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To Admiral Harold R. Stark
June 27, 1941 [Washington, D.C.]
I am sorry to delay so long in replying to your attached formal memorandum but it has taken our War Plans people longer than usual to make a thorough analysis, and since your letter was written many of the items noted have been accomplished or are in process of accomplishment. There are, however, certain exceptions. With regard to overseas Army forces, we have already made reductions in the war garrisons for Hawaii, Puerto Rico and Panama, and we are making efforts now to reinforce Army garrisons in the Western Hemisphere as far as practicable before M-Day, and some movements are now actually taking place. Details will be furnished to the Navy War Plans Division.1
With reference to other possible expeditions not specifically covered by Rainbow 5, the units and materiel to be moved should not be considered as additional, but as part of the 83,000 troops set up for transatlantic operations. This, however, does not apply to the force mentioned for West African operations. No commitment is made in Rainbow 5 nor does other agreement exist for a West African expedition. We would strongly oppose any such an operation as strategically unsound.
While the A.B.C. agreement upon which Rainbow 5 was based was studied for over two months by representatives of the Army, Navy and British, the plan should be subject to constant critical re-examination, always with a view to decisive defensive action by United States forces. As you know, we are not prepared to undertake any large scale defensive operations on land for some time to come. The question of priorities is most important and I suggest that it be studied by our respective planning committees in the light of changes which have occurred in the general situation since your letter was prepared.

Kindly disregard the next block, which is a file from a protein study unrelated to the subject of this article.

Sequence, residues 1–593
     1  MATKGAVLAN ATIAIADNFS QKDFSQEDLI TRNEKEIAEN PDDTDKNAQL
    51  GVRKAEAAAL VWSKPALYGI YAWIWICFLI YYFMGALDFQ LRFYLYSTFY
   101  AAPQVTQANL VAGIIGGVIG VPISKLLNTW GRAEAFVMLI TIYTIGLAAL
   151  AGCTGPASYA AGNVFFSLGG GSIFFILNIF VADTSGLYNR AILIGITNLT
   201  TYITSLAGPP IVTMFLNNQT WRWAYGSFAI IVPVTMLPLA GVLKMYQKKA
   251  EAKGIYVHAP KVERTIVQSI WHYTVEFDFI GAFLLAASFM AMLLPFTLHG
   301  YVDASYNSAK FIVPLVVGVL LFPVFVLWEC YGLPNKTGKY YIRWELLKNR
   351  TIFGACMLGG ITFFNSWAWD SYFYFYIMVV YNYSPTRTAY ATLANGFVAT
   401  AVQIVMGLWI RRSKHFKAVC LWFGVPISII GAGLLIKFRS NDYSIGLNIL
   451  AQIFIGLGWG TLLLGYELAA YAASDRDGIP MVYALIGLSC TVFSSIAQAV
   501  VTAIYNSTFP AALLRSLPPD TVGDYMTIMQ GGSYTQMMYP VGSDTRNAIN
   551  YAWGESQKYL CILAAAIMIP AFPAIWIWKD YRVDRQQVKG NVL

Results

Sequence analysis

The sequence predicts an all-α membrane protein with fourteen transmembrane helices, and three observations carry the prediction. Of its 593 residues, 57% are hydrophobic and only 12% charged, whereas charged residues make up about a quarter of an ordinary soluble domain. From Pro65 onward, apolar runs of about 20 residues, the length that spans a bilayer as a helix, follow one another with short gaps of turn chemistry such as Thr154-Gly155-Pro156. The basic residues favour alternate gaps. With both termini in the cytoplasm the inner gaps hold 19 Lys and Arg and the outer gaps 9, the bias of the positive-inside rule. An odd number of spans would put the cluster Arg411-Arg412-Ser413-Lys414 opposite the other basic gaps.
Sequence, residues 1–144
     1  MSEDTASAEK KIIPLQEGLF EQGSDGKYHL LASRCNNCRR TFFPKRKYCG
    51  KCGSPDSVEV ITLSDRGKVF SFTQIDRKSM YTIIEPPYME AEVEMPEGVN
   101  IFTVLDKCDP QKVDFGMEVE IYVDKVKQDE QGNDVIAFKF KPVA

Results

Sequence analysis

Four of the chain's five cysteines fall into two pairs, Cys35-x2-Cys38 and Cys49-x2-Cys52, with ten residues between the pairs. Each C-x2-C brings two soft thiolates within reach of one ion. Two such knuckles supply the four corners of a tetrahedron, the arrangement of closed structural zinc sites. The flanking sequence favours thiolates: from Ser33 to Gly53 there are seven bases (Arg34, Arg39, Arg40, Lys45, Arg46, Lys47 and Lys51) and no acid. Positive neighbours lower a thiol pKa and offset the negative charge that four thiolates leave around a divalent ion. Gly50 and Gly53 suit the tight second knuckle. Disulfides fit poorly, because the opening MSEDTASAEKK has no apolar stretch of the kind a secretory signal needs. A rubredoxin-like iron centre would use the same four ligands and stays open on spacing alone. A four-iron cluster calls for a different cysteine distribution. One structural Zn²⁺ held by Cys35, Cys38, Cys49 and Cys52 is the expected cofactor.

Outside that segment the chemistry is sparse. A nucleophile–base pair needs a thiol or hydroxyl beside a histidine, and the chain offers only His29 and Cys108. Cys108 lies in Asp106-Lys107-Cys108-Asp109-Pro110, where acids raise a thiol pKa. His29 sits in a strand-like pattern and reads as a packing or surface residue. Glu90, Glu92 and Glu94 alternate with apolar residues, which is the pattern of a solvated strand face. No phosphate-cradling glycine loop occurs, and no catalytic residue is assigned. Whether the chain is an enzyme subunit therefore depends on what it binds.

We are gravely concerned over the lack of shipping necessary to transport and maintain our troops in overseas theaters. You know the difficulty of meeting such requirements for the Indigo operation and at the same time keeping on hand a reserve of shipping to meet emergency situations that might require the use of troops in South America.2 I hope that it will be possible for you to take steps to meet this transportation problem in any of the operations mentioned in your letter.
Document Copy Text Source: Records of the War Department General and Special Staffs (RG 165), Records of the War Plans Division (WPD), 4175-22, National Archives and Records Administration, College Park, Maryland.
Document Format: Typed letter.
1. Secretary Stimson approved joint war plan Rainbow 5 on June 2, 1941. Although the president did not formally approve the plan, the War Department proceeded with strategic planning on a tentative basis. According to Rainbow 5, the army would garrison Hawaii, Alaska, Panama, the Caribbean, and Iceland with forces totaling 220,900 men within the first few months of war. Air defense units and air forces, already scheduled for assignment to Britain according to the ABC staff agreements, were included in the joint war plan. The army also tentatively planned to send expeditionary forces to South America and to transatlantic destinations within six months after mobilization day. (Matloff and Snell, Strategic Planning for Coalition Warfare, pp. 46-47.)
Stark’s May 22, 1941, letter discussed possible expeditionary forces to West Africa and Greenland, and proposed detailed planning for offensive actions against Germany. The army’s War Plans Division opposed detailed planning until wartime and rejected any proposal for expeditionary forces not specified in Rainbow 5. (The W.P.D. study of Stark’s letter is in NA/RG 165 [WPD, 4175-22].)
2. The Indigo operation—the occupation of Iceland—began on July 1, 1941. On July 7 United States Marines landed on Iceland. The army components of the garrison landed on August 6 and September 15.
Recommended Citation: The Papers of George Catlett Marshall, ed. Larry I. Bland, Sharon Ritenour Stevens, and Clarence E. Wunderlin, Jr. (Lexington, Va.: The George C. Marshall Foundation, 1981- ). Electronic version based on The Papers of George Catlett Marshall, vol. 2, “We Cannot Delay,” July 1, 1939-December 6, 1941 (Baltimore and London: The Johns Hopkins University Press, 1986), pp. 551-552.